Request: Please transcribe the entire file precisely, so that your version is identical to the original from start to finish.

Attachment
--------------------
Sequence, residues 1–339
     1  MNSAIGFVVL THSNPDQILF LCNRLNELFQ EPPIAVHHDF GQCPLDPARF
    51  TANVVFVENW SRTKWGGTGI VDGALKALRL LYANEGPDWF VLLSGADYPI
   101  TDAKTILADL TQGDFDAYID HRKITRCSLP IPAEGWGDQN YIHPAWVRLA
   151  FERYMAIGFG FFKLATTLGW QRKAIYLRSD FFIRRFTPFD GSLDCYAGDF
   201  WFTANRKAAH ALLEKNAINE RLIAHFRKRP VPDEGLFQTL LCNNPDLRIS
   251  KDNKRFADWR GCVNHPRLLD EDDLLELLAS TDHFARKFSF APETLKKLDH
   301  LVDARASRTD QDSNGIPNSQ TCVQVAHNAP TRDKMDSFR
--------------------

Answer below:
Sequence, residues 1–339
     1  MNSAIGFVVL THSNPDQILF LCNRLNELFQ EPPIAVHHDF GQCPLDPARF
    51  TANVVFVENW SRTKWGGTGI VDGALKALRL LYANEGPDWF VLLSGADYPI
   101  TDAKTILADL TQGDFDAYID HRKITRCSLP IPAEGWGDQN YIHPAWVRLA
   151  FERYMAIGFG FFKLATTLGW QRKAIYLRSD FFIRRFTPFD GSLDCYAGDF
   201  WFTANRKAAH ALLEKNAINE RLIAHFRKRP VPDEGLFQTL LCNNPDLRIS
   251  KDNKRFADWR GCVNHPRLLD EDDLLELLAS TDHFARKFSF APETLKKLDH
   301  LVDARASRTD QDSNGIPNSQ TCVQVAHNAP TRDKMDSFR